Industrial fishing draining North Sea

Move to ban suction catches and dumping of freshly caught, dead fish
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North Sea nations cracked down on industrial suction fishing yesterday and moved a step closer towards banning the dumping of huge quantities of freshly caught, dead fish back into the heavily overfished sea.

At the two-day meeting in Norway's second city, the eight nations - seven from the European Union plus Norway - called for fishing to be banned or restricted where it was doing local harm to the marine ecosystem. The move is intended to restrict industrial fishing which sucks up small fish and beam-trawlers which drag heavy chains along the sea bed.

Denmark's environment minister, Svend Auken, said that his country, the EU's biggest industrial fisher, would respect such bans. Roughly half the tonnage of fish caught in the North Sea consists of these small fish near the base of food chains, used to make oil and livestock feed. These catches are not controlled by quota but the North Sea states said they should be.

Fisheries and environment ministers countries also agreed on an urgent search for ways of minimising discards - the throwing back of netted but unwanted fish - "including the possibility of a ban".

Each year, hundreds of thousands of tonnes of fish are dumped overboard from trawlers, a wasteful side-effect of the EU's fish quotas. Germany said that for each kilogram of plaice brought to shore, 15kg of other fish and marine species were thrown back dead.

John Gummer, Secretary of State for the Environment, who has worked closely with environmental organisations, said that the declaration ministers had signed meant big changes in fishing.

He said: "I want my children to be able to eat North Sea cod and I want there to be enough kept in he sea for fishermen's children to be able to make a living from fishing too." "The ecological health of our seas is now the fundamental driver."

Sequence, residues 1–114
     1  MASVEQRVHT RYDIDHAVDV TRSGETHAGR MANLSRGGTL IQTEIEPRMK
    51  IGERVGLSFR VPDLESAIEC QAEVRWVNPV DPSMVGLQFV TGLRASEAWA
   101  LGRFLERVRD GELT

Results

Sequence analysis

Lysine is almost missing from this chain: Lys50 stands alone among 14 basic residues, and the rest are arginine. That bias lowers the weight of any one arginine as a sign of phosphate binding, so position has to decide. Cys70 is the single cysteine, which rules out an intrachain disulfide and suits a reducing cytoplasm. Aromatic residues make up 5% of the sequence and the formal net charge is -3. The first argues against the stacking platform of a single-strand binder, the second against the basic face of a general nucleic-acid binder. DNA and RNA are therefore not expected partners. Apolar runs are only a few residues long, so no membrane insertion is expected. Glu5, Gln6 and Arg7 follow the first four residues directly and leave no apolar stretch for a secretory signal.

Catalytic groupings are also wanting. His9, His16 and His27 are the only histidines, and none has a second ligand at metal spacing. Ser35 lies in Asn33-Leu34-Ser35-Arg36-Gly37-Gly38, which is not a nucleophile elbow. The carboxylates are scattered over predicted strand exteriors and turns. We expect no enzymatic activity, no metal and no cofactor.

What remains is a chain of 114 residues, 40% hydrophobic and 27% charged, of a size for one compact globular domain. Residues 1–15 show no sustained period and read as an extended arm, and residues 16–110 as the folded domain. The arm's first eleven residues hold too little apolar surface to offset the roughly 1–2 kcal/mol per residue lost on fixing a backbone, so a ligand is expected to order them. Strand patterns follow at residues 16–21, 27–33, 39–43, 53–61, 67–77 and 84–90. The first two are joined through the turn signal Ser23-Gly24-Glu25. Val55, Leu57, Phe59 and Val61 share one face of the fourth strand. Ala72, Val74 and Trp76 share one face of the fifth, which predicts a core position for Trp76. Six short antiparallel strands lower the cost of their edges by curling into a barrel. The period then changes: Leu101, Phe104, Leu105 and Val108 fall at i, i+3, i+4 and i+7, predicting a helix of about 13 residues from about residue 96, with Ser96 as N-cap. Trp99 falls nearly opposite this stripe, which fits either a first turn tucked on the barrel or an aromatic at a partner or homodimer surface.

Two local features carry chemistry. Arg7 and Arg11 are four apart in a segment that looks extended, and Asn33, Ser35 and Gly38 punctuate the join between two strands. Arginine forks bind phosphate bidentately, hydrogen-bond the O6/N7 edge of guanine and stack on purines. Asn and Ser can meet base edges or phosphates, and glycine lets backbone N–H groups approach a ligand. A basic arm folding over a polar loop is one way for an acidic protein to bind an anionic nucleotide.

But Greenpeace, the World Wide Fund for Nature and the Royal Society for the Protection of Birds said: "The overfishing continues and the ministerial declaration remains fundamentally flawed." Germany also said too little had been agreed.

Robert Allan, chief executive of the Scottish Fisherman's Federation, said the final declaration was a sensible, pragmatic solution. He was satisfied that it was a much weaker document than the first draft which opened the Bergen negotiations over a year ago.

But the EU's fisheries commissioner, Emma Bonino, warned: "There will be tough measures for the fishing communities and it will not be easy for their lives." The declaration said cuts in fishing fleets or other restraints on fishing beyond those agreed were necessary.

Implementing the ministerial declaration now depends entirely on the decisions of Norway and all 15 European Union member states which together rule North Sea fishing. There was much argument during the talks about how far the seven North Sea states could go in committing all 15 to action.

Mr Gummer promised that when Britain was president of the European Union in 1998 it would review how fast the Bergen declaration was being implemented. And Germany said it would do the same when it held the presidency the year after.